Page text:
• BAA-Like Evaluation Preferences. Similar to the BAA (albeit in a more complicated fashion), FAR 25.605 requires that a contracting officer must consider whether the cost of domestic construction material is unreasonably high in comparison to the foreign alternative. Consequently, contracting officers are directed to use the following evaluation scheme in considering all offers:
  1. Use an evaluation factor of 25%, applied to the total offered price of the contract (not merely the foreign products) if foreign iron, steel, or other manufactured goods are incorporated in the offer as construction material based on an exception for unreasonable cost requested by the offeror.
  2. Additionally, use an evaluation factor of 6% applied to the cost of foreign unmanufactured construction material incorporated in the offer based on an exception for unreasonable cost requested by the offeror.
  3. Total evaluated price = offered price + (.25 × offered price, if Factor #1 applies) + (.06 × cost of foreign unmanufactured construction material, if Factor #2 applies).  

Exactly how this evaluation scheme should or will be employed in actual practice remains a mystery. Clearly, it is confusing and it will be difficult to segregate the costs of the various foreign unmanufactured construction materials. Looking into our crystal ball, we see many future bid protests sustained on procurements using Stimulus funds because the agency has had difficulty properly applying this complicated evaluation requirement.  

  • TAA-Like Approved Foreign Countries. For purposes of construction contracts valued at $7,443,000 or higher, certain Recovery Act Designated Countries can qualify for equal treatment with domestic companies and domestic products (similar to the TAA). For purposes of the Recovery Act, the countries to which this exception applies include: World Trade Organization Government Procurement Agreement (WTO GPA) signatories; U.S. Free Trade Agreement partners; and Least Developed Countries. Notably, this list does not include companies that might normally qualify under the Trade Agreements Act, such as Caribbean Basin countries.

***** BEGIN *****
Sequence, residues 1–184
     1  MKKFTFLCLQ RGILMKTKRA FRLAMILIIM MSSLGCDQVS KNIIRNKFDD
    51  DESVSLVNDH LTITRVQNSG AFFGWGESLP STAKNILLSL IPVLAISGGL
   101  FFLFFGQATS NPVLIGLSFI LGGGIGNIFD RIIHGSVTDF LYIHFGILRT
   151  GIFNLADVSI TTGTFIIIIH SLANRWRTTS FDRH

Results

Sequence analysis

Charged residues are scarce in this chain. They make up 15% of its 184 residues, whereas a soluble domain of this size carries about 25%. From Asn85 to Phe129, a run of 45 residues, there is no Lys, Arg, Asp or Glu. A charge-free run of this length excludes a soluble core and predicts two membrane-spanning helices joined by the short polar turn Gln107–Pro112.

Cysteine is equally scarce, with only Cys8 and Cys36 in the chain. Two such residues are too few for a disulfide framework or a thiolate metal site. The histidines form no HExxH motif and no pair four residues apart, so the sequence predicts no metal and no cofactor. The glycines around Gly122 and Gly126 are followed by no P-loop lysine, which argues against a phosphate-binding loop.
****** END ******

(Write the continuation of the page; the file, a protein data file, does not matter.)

While the Recovery Act Buy American regime represents a hybrid of both the BAA and the TAA, the new rule does not exactly mirror either pre-existing regime, which lends itself to significant confusion. And confusion, when taking money from the federal Government, is not the emotion that companies want to experience. Hopefully, the public comments and the final rule will address the more ambiguous aspects of this new interim rule.

4. Effective Date

All of these new rules apply to solicitations issued or contracts awarded after March 31, 2009 and that incorporate any Stimulus monies (either in whole or in part). For contracts that have already been awarded, the Government will issue a bilateral modification to the contract to incorporate the new clause. If a contractor does not agree to a bilateral modification, then absolutely no Stimulus monies should be spent on the subject contract. These new rules are non-negotiable and contractors hoping to receive Stimulus monies will not be able to escape the additional regulatory and administrative requirements by claiming a unilateral "change" to their contract.

Conclusion

Accepting these new rules is the price that companies must pay if they accept Stimulus funds. Companies would be wise to consider whether they are willing (or even able) to comply with these terms and conditions, which impose massive burdens and carry significant risks, before participating in a mad dash for the Stimulus funds. As we have already discussed previously, accepting Stimulus monies comes at a high cost and contractors will be striking a Faustian bargain. As recipients of the TARP funds have learned, the Government may later change the rules, regardless of the deal that was originally struck. There are always risks associated with taking money from the U.S. Government.

The Government is accepting public comments on these new interim rules until June 1, 2009. Since no one in Congress appears to have read the Stimulus Act before passing it, this may be the first real opportunity for the public to engage in any type of meaningful debate about the impacts of the Act and how it should be implemented. We encourage citizens everywhere to express their comments on these proposed rules, so that a reasonable (and, hopefully, workable) regulatory regime may ultimately emerge, and so that the risks associated with receiving Stimulus monies can be properly managed.